Words by Carlie Tucker
So, you've just been selected to strike out on your very first overseas business trip. It's a professional achievement that is certainly worth a mental pat on the back, but don't get too wrapped up in the idea of a free overseas trip.
As a representative for your company, you'll want to make a good impression. Not only will this go a long way in fostering further business opportunities for the company, but it will help ensure your first overseas trip isn't your last. Here are a few tips to help you prepare for and embark on your first overseas business trip without a hitch.
A Few Things Before You Go
There are a few things to prepare before you go. Ranging from weeks ahead of time to your day in the office, here are a few key things to remember before you hit the road.
Passport and visa: Did you know that it takes up to three weeks to renew a passport unless you utilise the priority service at an extra cost. Check your passport to make sure it's not only valid but has at least six months of validity from your planned return date. You will also want to look into any visa requirements for your trip.
Once your passport and visa are arranged, make two hard copies and scan a copy to your mobile devices. Put one hard copy in your luggage and leave the other with someone at home along with details on your travel itinerary with contact numbers. Doing so will be a huge help should you run into any travel emergencies.
Travel insurance: This is a must for all travellers, whether you're hitting the road for work or pleasure. Chances are you'll be covered by your employer's policy, but it's best to check in with HR just to make sure. From lost luggage to unexpected flight delays, it's best to know what's covered and what's not.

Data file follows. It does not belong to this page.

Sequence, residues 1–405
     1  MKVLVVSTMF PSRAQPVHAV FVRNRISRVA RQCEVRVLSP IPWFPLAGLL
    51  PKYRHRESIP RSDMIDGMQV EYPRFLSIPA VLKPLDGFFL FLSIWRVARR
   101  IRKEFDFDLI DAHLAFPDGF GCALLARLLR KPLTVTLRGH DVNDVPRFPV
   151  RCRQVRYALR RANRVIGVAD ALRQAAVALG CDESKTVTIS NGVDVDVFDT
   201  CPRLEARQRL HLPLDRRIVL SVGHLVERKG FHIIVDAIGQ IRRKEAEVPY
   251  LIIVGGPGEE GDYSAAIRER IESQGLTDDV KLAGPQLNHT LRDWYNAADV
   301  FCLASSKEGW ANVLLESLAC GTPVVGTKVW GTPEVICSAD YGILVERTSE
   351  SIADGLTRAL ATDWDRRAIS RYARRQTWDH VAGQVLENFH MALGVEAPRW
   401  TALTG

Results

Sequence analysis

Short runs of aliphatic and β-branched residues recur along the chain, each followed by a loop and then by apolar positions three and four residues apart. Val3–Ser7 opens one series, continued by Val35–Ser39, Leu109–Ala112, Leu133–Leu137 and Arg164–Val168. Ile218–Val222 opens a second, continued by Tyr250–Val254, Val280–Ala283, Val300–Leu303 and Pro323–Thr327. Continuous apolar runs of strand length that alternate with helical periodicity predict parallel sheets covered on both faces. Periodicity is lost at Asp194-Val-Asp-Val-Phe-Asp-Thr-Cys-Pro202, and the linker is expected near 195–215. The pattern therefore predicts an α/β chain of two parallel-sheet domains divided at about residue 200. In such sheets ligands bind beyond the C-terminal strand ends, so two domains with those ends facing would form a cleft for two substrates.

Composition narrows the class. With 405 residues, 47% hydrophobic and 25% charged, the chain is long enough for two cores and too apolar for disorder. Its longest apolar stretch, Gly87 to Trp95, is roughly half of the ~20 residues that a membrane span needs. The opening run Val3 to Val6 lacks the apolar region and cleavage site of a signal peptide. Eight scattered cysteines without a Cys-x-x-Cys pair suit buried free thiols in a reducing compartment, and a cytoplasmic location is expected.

Money: It's a good idea to visit your bank and let them know that you will be travelling overseas for a period of time to avoid any misunderstandings while you're on the road. There's nothing worse than a freeze on your account while you're in an unfamiliar destination.
You may also want to get some currency exchanged while you're there to ensure you have some cash for a taxi on arrival. That way you can skip the airport exchange booths that often offer poor exchange rates.
Out of office: This one is so simple that it's often overlooked until you're halfway to your destination and realise you forgot to set your out of office reply. Make sure you flick it on before you leave the office. Even if you plan on continuing to answer emails and maintain your schedule while on the road, it's a good idea to set a reply to let everyone know that you're currently travelling and may have limited email access.
It may be tempting to toss a few things into your suitcase the night before your flight, but it's best to put a little thought into packing when embarking on a business trip. Set aside some time to pack properly, keeping a few helpful tips in mind.
Choose your luggage wisely: Do you need a carry-on or will you be checking a bag? Hard-side or soft-side luggage? Getting the bag right is the first step in making sure you pack right, so put a little thought into your luggage, especially if you're going to be a frequent flyer.